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Why is the question “What is a woman?” contentious?

In brief
  • The question “What is a woman?” suggests you think a trans woman is different from a biological woman. 
  • Asking the question does not mean you are anti-trans. 
  • But it suggests you believe biological women have some of their own rights, like to private spaces.
  • The press refuses to run Family First NZ  “What is a woman?” ads.

The right to self identify

The question “What is a woman?”, which would have been straightforward until quite recently, is becoming contentious as biological definitions like “adult female human being” are erased from the public and private sphere in New Zealand.

Family First NZ launches” What is a woman?” campaign

Family First NZ have launched a nation-wide campaign, in the lead up to the general election – asking the question: What is a woman?

The aim is to establish “the  formerly non-controversial definition of ‘woman’ (an adult human female) into the laws, public policies, and regulations,” in New Zealand.

So far the accompanying petition has garnered over 9,000 signatures.

“The petition is important because we need to go back to… protecting girls in schools and changing rooms, protecting women in sports, and also for example just telling the truth on birth certifications,” says CEO Bob McCoskrie.

Family First ordered full-page advertisements for this campaign with media publications including The Otago Daily Times, Stuff and the New Zealand Herald.

Leaked emails suggest the publications colluded to pull the ad. “Apparently that’s what government funding does,” says McCoskrie,speaking with The Platform Host Sean Plunkett.

Why is the question “What is a woman?” contentious? - Centrist
Bob McCoskrie of Family First NZ wants the definition of a ‘woman’ as ‘adult human female’ enshrined in law.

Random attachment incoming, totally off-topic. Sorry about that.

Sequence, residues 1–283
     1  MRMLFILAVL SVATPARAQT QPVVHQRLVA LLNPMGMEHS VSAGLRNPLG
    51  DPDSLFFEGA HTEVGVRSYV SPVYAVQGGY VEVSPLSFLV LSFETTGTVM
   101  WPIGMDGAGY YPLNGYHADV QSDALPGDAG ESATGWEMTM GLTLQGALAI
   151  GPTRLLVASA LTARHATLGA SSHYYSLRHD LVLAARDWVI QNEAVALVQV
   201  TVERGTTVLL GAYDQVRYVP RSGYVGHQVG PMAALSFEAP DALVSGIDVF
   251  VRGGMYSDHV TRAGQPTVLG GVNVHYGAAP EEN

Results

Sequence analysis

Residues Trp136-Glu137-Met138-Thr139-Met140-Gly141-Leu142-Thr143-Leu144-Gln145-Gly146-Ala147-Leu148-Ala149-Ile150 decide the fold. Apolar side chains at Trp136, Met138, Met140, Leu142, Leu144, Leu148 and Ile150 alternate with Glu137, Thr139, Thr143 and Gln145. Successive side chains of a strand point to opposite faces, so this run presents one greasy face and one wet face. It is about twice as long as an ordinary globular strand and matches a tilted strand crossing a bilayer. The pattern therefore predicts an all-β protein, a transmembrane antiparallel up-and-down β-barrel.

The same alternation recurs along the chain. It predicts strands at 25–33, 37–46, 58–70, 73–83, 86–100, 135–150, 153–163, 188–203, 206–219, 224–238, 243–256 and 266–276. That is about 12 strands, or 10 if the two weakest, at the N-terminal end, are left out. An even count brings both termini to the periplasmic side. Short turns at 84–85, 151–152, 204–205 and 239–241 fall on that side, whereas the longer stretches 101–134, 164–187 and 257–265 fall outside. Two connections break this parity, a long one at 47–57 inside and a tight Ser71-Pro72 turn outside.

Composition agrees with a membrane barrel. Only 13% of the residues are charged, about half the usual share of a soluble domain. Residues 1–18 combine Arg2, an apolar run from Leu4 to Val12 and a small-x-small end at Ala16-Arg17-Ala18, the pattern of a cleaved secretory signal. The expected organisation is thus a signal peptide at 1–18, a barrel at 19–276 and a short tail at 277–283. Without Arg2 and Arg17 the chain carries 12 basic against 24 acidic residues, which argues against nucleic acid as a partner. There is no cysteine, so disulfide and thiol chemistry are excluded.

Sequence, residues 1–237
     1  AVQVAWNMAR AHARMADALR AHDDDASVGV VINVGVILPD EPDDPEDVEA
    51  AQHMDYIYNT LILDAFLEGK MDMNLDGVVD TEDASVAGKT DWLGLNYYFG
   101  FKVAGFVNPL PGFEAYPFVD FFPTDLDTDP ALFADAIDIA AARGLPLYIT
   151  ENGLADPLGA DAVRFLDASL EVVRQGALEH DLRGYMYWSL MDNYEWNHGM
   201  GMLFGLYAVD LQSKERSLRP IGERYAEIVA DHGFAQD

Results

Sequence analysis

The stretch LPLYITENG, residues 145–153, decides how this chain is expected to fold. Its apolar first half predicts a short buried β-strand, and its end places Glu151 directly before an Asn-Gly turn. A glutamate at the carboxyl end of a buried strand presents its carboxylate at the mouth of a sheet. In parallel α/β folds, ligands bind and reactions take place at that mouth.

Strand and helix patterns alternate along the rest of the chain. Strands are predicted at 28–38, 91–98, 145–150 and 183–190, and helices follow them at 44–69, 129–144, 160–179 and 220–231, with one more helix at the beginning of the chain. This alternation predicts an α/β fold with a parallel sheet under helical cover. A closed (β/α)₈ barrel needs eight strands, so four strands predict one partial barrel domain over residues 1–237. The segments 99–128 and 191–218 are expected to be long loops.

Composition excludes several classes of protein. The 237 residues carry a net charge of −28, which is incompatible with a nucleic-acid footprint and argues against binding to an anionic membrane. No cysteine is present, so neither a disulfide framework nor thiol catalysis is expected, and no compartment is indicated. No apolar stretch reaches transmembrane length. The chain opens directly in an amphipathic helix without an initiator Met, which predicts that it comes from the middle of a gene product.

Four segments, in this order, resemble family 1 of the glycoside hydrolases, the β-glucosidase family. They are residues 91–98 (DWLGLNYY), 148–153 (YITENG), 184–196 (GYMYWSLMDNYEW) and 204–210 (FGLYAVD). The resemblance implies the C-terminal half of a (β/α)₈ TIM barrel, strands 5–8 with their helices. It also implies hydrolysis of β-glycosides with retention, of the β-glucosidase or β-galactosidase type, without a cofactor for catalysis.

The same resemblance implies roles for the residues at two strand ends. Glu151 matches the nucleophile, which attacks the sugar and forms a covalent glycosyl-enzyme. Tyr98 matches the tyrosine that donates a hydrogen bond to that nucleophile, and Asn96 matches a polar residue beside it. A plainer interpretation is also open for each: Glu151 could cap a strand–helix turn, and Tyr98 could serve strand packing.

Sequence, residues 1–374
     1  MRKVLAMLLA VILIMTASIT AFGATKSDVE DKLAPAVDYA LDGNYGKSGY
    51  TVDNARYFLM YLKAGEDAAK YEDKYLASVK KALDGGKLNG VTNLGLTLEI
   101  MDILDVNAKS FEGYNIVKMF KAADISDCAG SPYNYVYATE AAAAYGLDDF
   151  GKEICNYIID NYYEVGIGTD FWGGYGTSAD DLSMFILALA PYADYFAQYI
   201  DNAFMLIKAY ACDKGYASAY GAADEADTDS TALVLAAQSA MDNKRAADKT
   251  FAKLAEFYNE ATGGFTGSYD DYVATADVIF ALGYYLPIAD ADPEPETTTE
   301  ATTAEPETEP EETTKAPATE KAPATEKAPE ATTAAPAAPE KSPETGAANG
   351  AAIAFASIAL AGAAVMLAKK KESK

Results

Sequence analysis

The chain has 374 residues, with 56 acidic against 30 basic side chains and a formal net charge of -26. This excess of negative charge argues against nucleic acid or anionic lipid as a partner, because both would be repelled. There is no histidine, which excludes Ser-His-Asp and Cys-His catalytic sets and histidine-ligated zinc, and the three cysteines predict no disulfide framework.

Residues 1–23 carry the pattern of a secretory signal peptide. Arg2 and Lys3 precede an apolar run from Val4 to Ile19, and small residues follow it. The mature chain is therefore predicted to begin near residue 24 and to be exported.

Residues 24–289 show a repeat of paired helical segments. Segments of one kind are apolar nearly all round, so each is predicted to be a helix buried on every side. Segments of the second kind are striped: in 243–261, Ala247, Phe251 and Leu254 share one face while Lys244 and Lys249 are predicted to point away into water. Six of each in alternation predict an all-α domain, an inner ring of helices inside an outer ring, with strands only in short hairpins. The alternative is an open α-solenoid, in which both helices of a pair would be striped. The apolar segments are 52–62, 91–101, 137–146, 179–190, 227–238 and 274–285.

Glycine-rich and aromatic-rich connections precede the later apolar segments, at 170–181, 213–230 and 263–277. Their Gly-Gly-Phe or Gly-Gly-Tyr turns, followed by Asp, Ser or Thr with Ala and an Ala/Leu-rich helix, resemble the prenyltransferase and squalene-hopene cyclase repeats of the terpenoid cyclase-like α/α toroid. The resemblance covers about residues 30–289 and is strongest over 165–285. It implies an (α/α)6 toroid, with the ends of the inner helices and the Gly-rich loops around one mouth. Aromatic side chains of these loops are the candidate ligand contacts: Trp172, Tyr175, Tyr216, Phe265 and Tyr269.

Is it even legal for publications to collude, if that is what they did? Regardless of the legality, or your thoughts on whether the ads are even worthwhile, the cancellations show the media are influencing the narrative in favour of one side of the argument. Frankly, it is surprising McCoskrie ever thought they would run it given the way they have reported on things like the mob attacking the Posie Parker “Let Women Speak” event in Auckland on March 25th of this year.

For more see: whatisawoman.nz

The definition of a woman  has been under fire for a few years in NZ

In July, 2021, a Speak Up For Women billboard, in Wellington, that defined a woman as “an adult human female” was accused of being “anti-trans” and taken down.

It wasn’t anti-trans, says Speak Up For Women spokesperson Beth Johnson. 

“The billboard was to raise public awareness of the proposed changes to the self-identification laws,” (the ability to change your gender on your birth certificate).

This law was “unanimously passed at the end of 2021” and came into effect in June, 2023. Therefore Prime Minister Chris Hipkins’ answer (“I think people define their gender identity for themselves”) to the question is not surprising.

Some would argue this law, and the resistance to using the historical definition for a woman, is superficial pandering to activists. These activists argue their group’s feelings, regardless of how untethered the other group may think the feelings are to objective reality, should both prevail and quash any contrary opinion.

Many are quite happy for everyone to live their life on their own terms, but a line is drawn when what another group considers their space is invaded.

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